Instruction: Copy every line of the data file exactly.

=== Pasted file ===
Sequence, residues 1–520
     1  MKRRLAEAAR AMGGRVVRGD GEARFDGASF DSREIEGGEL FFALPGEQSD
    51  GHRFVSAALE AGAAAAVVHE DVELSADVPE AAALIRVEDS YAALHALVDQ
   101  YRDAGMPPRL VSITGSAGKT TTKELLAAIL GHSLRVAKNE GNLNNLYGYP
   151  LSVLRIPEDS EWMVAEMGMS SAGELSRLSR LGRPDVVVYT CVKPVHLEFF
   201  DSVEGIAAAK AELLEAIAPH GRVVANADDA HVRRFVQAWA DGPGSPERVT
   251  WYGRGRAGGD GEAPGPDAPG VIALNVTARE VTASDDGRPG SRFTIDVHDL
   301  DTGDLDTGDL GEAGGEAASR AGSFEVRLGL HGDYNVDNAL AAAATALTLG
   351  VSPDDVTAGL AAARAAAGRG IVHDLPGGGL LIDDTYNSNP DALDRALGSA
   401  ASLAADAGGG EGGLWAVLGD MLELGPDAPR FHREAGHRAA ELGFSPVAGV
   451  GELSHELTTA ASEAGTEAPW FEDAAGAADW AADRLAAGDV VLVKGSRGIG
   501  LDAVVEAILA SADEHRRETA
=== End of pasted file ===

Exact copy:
Sequence, residues 1–520
     1  MKRRLAEAAR AMGGRVVRGD GEARFDGASF DSREIEGGEL FFALPGEQSD
    51  GHRFVSAALE AGAAAAVVHE DVELSADVPE AAALIRVEDS YAALHALVDQ
   101  YRDAGMPPRL VSITGSAGKT TTKELLAAIL GHSLRVAKNE GNLNNLYGYP
   151  LSVLRIPEDS EWMVAEMGMS SAGELSRLSR LGRPDVVVYT CVKPVHLEFF
   201  DSVEGIAAAK AELLEAIAPH GRVVANADDA HVRRFVQAWA DGPGSPERVT
   251  WYGRGRAGGD GEAPGPDAPG VIALNVTARE VTASDDGRPG SRFTIDVHDL
   301  DTGDLDTGDL GEAGGEAASR AGSFEVRLGL HGDYNVDNAL AAAATALTLG
   351  VSPDDVTAGL AAARAAAGRG IVHDLPGGGL LIDDTYNSNP DALDRALGSA
   401  ASLAADAGGG EGGLWAVLGD MLELGPDAPR FHREAGHRAA ELGFSPVAGV
   451  GELSHELTTA ASEAGTEAPW FEDAAGAADW AADRLAAGDV VLVKGSRGIG
   501  LDAVVEAILA SADEHRRETA